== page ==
We’ve got taquerias from LA to Mexico City spreading fake guac (aka mock guac) on our tacos and burritos. While white folk from Australia to the UK are suffering from an epidemic of so-called ‘avocado hand.’ And cartels are killing farmers for their agricultural lands hoping to get in on the avocado boom. 

Avocados have long been a favorite of people around the world but all of us have often shared one common complaint – our lovely avocados spoil way too damn fast. Well, finally, one company is trying to fix that issue and it looks like 30 day avocados could be here in the very near future.

Because every last avocado counts, grocery store chain Kroger has debuted avocados sprayed with a new, plant-based coating designed to keep produce fresh longer.

Credit: Apeel Sciences

Kroger announced this week that the powdered coating comes from a company called Apeel, and when mixed with water and sprayed onto produce, it keeps oxygen out, prolonging the time before the fruit or vegetable spoils. It’s also being applied to asparagus and limes in a small percentage of Kroger stores. The company hopes the longer-lasting produce will eliminate food waste not only in people’s kitchens, but in the stores themselves.

Apeel Sciences has figured out how to extend the salad days of fruits and vegetables — and it’s bringing the technology to the avocado aisle of 1,100 Kroger grocery stores in the US, starting this month. 

Credit: omgitsjustintime / Instagram

The extra longevity comes from Apeel‘s special, plant-derived formulation that’s applied — like a second skin — to a variety of produce. The process can double or, in some cases, triple shelf life. The companies expect the partnership to prevent millions of avocados annually from ending up in landfills.

Kroger, the largest grocery retailer in the US, began selling Apeel avocados exclusively in 109 of its stores earlier this year. Because of the resulting reduction in waste, Apeel says its avocados cost the same or less than other avocados. 

A video posted in March compares the lifespans of Apeel fruits and vegetables — including asparagus, tomatoes, strawberries, apples, bananas and limes — with that of their untreated counterparts.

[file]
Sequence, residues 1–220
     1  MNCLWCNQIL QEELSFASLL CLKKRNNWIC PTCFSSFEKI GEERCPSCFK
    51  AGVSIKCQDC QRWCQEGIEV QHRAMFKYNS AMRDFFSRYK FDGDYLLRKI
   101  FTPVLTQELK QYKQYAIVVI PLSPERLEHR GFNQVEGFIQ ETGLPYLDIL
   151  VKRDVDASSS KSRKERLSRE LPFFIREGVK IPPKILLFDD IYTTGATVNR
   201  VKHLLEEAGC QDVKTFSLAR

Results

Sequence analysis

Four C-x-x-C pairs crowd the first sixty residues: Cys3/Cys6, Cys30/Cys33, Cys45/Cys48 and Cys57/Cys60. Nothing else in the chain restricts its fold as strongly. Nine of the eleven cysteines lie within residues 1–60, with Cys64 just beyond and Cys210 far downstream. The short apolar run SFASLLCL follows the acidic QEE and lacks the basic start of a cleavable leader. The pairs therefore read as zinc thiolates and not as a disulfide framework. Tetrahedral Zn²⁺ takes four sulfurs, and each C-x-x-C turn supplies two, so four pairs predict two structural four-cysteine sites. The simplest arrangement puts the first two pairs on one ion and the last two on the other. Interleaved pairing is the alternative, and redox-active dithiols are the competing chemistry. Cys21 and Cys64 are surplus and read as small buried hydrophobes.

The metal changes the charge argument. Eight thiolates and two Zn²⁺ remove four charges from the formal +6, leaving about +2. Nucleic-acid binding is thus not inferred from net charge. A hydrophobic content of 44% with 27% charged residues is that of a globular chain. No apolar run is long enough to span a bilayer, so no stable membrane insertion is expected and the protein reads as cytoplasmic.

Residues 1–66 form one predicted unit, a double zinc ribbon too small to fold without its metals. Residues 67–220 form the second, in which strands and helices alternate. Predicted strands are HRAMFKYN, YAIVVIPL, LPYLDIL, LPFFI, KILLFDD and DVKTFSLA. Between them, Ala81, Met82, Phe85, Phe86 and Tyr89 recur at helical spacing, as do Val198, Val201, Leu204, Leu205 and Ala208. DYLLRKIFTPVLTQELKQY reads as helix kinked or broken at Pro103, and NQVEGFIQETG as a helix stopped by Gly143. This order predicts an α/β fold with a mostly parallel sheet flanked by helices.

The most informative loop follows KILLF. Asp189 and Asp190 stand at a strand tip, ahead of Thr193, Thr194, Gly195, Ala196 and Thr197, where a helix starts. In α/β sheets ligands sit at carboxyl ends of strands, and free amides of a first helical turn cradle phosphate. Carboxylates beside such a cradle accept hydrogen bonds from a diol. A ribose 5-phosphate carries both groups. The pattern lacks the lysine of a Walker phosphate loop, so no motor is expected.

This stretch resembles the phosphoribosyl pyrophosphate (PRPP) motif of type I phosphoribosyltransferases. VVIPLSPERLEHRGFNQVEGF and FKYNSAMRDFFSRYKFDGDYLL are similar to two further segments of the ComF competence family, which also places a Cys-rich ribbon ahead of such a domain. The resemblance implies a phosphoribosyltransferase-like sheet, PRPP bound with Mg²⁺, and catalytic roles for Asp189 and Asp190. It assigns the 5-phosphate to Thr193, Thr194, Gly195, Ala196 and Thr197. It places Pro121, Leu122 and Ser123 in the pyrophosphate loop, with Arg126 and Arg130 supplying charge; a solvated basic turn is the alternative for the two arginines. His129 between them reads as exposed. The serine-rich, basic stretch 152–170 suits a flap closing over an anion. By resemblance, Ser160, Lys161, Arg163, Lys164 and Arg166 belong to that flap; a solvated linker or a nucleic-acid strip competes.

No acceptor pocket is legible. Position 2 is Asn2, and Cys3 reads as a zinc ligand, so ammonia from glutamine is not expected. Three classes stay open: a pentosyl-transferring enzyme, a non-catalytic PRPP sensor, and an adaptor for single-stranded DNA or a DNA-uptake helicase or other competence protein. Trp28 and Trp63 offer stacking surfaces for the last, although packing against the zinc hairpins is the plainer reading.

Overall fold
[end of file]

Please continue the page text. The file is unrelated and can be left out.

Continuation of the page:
So far, Apeel has developed formulations for about 50 different kinds of produce including apples, artichokes, bananas, beans, blueberries and tomatoes. The company also announced today that it would begin selling limes and asparagus in Kroger’s stores around Cincinnati, Ohio, later this fall. 

Kroger and Apeel both cite lofty aims with their collaboration. Kroger has promoted the initiative under its “Zero Hunger/Zero Waste” program that raises money to mitigate hunger and reduce food waste. In the US, roughly one in eight people struggle with hunger and between 30% and 40% of the food produced is thrown away

There are also environmental benefits.

Credit: Unsplash

Apeel and Kroger expect the partnership to help prevent millions of avocados from ending up in landfills, which should help reduce the greenhouse gas emissions that contribute to climate change. They also predict that the deal will save over one billion gallons of water and help preserve dozens of acres of farmland.

Although not everyone is happy about the idea.

Credit: Fruitnet.com / Screenshot

One Twitter user said: “My issue isn’t that grocery store avocados go bad, it’s that they never ripen at all. I bought a bunch of avocados yesterday and I’m hoping I’ll have ripe ones by Spring.” 

Ok, by Spring? That might be a little dramatic but I think we can all relate. You get to the market and they either have mushy, brown, already spoiled avocados covered in flies or they’re hard as a rock and that delicious guacamole you planned on making tonight to go with those tacos just isn’t happening. 

Tourists Are Flocking To This Tiny Mountain Village For A Trip On Mexico’s Magic Mushrooms

Culture

Tourists Are Flocking To This Tiny Mountain Village For A Trip On Mexico’s Magic Mushrooms

For almost 70 years, since Maria Sabina, also known as Santa Sabina, spread the culture around the ritualistic consumption of magic mushrooms in the Oaxaca highlands, the world has been fascinated by these special fungi. The region near Huautla de Jimenez, particularly places like San Jose del Pacifico, has since been swarmed with tourists in the months between July and October, both from inner Mexico and from overseas, who want to experienced the altered states of consciousness brought by one of nature’s most powerful secrets. 

So any story about Oaxacan magic mushrooms has to start with the legendary Maria Sabina, the godmother of all things trippy.

Credit: Giphy. @Hamiltons